Timeline of billionaire Elon Musk’s bid to control Twitter
January 31: Musk starts buying shares of Twitter in near-daily installments, amassing a 5% stake in the company by mid-March.
March 26: Musk, who has tens of millions of Twitter followers and is active on the site, says he is giving “serious thought” to building an alternative to Twitter, questioning the platform’s commitment to “free speech” and whether Twitter is undermining democracy. He also privately reaches out to Twitter board members including his friend and Twitter co-founder Jack Dorsey.
March 27: After privately informing Twitter of his growing stake in the company, Musk starts conversations with its CEO and board members about potentially joining the board. Musk also mentions taking Twitter private or starting a competitor, according to later regulatory filings.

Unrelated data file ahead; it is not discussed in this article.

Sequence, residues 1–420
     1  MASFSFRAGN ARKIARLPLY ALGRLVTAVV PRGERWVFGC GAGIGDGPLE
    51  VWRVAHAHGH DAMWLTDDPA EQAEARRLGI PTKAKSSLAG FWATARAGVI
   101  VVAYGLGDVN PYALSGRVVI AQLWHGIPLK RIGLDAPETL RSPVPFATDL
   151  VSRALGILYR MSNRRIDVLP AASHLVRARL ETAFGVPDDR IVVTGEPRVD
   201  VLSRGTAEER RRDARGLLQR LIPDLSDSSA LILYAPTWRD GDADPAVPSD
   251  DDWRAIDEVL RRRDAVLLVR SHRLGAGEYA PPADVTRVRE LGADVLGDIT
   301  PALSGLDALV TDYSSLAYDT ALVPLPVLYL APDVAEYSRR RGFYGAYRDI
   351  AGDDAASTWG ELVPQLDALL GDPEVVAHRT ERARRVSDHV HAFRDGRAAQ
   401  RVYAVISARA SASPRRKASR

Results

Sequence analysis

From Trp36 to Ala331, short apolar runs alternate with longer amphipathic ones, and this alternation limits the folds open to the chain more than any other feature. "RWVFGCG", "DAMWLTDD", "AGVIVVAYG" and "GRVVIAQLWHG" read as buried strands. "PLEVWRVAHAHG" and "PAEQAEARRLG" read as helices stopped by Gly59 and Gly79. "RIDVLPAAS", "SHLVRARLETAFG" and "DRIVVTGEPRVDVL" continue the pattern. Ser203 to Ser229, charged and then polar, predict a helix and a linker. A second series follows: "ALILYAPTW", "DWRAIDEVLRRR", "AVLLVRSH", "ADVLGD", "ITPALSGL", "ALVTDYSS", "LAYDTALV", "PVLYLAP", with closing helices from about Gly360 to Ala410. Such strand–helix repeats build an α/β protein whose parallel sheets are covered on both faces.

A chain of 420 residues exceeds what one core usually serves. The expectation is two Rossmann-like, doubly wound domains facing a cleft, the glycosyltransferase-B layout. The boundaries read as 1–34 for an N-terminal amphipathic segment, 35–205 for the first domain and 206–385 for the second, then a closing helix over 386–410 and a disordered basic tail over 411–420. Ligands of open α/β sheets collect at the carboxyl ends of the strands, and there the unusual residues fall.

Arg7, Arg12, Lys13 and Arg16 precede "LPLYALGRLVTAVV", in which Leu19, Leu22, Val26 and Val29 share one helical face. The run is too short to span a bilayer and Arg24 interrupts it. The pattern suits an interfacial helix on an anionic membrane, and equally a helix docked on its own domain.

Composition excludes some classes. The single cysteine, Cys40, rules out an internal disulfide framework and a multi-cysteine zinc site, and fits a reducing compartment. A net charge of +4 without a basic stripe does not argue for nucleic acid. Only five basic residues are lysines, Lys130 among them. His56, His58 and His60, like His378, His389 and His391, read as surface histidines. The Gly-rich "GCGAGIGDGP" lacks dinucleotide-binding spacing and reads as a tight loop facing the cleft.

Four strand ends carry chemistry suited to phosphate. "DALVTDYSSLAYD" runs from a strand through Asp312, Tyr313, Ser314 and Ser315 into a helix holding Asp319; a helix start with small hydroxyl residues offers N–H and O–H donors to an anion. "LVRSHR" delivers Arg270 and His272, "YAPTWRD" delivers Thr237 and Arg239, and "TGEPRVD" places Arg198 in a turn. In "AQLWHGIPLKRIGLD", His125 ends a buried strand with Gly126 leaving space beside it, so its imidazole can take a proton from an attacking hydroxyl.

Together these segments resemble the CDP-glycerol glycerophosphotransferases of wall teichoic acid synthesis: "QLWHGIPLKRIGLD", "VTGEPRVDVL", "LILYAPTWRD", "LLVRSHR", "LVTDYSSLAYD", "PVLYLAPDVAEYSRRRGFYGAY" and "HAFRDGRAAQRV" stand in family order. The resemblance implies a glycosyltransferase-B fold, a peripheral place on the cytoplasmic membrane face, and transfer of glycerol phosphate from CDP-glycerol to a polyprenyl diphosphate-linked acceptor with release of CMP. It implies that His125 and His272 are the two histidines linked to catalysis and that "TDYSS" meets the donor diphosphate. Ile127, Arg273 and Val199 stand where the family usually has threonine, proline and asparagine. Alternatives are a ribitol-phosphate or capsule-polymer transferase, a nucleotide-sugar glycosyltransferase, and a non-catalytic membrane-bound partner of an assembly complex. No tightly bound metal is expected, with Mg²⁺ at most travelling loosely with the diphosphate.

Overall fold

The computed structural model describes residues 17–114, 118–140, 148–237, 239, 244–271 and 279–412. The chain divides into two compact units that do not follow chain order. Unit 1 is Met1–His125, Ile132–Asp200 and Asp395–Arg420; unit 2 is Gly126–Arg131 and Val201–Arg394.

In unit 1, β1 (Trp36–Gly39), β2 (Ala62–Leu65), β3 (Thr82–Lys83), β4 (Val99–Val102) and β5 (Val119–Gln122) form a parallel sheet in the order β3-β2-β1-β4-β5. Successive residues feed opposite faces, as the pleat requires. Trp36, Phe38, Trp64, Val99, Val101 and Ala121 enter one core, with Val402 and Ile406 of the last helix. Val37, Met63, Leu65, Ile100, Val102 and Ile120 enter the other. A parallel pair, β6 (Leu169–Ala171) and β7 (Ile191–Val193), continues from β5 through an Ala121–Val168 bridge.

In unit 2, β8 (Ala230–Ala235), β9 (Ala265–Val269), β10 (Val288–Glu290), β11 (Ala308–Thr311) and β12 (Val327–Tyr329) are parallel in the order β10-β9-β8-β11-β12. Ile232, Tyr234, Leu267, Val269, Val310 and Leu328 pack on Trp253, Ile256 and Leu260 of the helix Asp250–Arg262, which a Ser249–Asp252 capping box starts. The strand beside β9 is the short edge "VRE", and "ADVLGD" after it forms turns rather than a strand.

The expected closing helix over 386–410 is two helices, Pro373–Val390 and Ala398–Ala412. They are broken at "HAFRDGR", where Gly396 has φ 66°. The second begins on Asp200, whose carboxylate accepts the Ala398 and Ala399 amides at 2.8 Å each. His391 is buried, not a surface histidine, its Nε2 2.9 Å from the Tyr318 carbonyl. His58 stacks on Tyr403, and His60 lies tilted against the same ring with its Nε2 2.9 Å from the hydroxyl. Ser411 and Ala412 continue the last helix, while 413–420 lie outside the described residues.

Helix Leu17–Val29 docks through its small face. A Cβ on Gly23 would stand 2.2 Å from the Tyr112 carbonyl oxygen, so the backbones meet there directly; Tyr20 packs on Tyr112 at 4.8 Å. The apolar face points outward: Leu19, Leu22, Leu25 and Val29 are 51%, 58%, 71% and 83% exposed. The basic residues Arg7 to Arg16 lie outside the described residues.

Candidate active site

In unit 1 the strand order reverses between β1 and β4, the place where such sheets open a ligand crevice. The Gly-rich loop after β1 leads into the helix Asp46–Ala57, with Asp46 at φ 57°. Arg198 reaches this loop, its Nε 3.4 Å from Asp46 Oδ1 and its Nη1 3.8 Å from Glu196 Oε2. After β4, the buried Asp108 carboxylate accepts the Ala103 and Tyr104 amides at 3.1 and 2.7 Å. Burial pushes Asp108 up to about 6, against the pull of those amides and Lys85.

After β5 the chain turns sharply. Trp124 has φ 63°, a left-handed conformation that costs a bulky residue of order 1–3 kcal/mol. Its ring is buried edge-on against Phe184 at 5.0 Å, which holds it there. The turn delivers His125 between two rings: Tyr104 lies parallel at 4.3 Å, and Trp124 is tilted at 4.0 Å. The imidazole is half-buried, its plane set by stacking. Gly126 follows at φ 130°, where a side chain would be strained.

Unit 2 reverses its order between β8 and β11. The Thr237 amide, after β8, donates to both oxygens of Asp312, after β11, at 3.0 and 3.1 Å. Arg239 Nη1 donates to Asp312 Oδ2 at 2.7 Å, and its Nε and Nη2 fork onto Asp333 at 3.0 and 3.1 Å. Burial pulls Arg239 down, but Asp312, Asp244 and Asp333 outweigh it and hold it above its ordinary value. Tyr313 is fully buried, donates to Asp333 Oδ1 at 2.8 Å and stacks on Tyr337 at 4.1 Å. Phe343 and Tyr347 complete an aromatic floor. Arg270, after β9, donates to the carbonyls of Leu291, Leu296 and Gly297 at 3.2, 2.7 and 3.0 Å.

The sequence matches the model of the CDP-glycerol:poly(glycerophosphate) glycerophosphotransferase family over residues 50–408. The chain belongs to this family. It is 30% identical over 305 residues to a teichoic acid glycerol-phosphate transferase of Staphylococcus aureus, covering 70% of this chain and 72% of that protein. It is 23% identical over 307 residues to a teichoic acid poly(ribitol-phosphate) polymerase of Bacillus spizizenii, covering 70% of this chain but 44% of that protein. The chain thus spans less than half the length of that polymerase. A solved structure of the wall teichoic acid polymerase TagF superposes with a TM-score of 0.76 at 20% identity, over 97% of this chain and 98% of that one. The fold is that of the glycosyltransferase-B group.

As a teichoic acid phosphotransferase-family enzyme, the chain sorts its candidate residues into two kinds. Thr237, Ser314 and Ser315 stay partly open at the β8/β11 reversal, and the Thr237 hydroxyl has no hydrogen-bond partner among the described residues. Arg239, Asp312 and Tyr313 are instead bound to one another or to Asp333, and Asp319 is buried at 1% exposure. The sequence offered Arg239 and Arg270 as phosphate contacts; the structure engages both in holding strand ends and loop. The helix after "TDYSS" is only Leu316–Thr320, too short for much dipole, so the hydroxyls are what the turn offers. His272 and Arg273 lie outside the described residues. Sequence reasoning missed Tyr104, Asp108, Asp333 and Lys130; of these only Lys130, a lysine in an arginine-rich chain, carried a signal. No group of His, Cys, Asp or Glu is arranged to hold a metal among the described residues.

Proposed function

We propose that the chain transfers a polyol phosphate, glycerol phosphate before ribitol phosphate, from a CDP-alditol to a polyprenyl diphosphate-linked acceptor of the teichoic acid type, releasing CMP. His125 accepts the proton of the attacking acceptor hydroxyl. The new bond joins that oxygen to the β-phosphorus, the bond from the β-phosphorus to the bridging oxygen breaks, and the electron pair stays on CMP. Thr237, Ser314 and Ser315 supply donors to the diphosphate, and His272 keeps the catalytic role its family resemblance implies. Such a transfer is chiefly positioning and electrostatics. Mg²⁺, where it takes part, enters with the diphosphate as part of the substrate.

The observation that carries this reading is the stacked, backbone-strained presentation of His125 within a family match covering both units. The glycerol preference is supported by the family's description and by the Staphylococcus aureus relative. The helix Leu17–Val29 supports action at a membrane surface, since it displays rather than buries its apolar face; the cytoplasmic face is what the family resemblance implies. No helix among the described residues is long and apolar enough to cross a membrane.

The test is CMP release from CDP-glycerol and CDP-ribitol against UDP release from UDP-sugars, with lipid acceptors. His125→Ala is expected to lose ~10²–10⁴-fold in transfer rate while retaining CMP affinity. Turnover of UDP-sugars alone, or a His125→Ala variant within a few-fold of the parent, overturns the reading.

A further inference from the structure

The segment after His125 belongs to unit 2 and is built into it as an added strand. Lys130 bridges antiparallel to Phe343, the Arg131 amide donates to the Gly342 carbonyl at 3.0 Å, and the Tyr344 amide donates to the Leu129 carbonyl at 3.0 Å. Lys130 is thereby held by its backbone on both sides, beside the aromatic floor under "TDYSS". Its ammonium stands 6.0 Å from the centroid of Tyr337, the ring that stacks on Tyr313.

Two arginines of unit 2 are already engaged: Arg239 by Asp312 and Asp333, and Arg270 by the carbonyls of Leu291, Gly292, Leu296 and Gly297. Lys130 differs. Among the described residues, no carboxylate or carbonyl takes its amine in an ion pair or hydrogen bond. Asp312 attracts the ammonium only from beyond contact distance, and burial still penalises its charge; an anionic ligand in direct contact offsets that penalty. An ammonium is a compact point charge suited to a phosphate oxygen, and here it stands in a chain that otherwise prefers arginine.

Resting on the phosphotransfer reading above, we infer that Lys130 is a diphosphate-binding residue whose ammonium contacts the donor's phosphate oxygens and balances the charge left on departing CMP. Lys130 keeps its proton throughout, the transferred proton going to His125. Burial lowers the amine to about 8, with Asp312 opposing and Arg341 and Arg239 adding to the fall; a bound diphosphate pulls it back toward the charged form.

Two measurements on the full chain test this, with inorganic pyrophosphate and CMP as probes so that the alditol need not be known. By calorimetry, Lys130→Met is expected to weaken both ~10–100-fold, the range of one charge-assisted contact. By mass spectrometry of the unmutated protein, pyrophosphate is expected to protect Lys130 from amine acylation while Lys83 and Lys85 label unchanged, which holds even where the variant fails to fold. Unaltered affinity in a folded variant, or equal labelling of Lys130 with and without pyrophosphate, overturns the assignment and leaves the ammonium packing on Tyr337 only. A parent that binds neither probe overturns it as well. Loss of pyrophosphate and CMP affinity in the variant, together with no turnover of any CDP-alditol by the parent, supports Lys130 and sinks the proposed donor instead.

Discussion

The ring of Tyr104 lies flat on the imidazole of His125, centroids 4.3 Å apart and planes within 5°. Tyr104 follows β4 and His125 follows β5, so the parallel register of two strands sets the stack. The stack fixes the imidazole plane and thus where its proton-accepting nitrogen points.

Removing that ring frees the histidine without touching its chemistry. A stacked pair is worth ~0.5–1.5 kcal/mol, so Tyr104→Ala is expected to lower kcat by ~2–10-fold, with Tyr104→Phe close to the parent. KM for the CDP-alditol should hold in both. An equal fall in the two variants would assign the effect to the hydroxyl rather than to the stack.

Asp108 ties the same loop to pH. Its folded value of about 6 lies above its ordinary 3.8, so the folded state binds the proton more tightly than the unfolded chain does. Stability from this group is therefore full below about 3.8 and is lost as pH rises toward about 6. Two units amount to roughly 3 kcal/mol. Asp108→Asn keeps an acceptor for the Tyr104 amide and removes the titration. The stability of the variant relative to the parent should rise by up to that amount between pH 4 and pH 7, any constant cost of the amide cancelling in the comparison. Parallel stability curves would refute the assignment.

April 4: A regulatory filing reveals that Musk has rapidly become the largest shareholder of Twitter after acquiring a 9% stake, or 73.5 million shares, worth about $3 billion.
April 5: Musk is offered a seat on Twitter’s board on the condition he amass no more than 14.9% of the company’s stock. CEO Parag Agrawal said in a tweet that “it became clear to us that he would bring great value to our Board.”
April 9: After exchanging pleasantries and bonding by text message over their love of engineering, a short-lived relationship between Agrawal and Musk sours after Musk publicly tweets “Is Twitter dying?” and gets a message from Agrawal calling the criticism unhelpful. Musk tersely responds: “This is a waste of time. Will make an offer to take Twitter private.”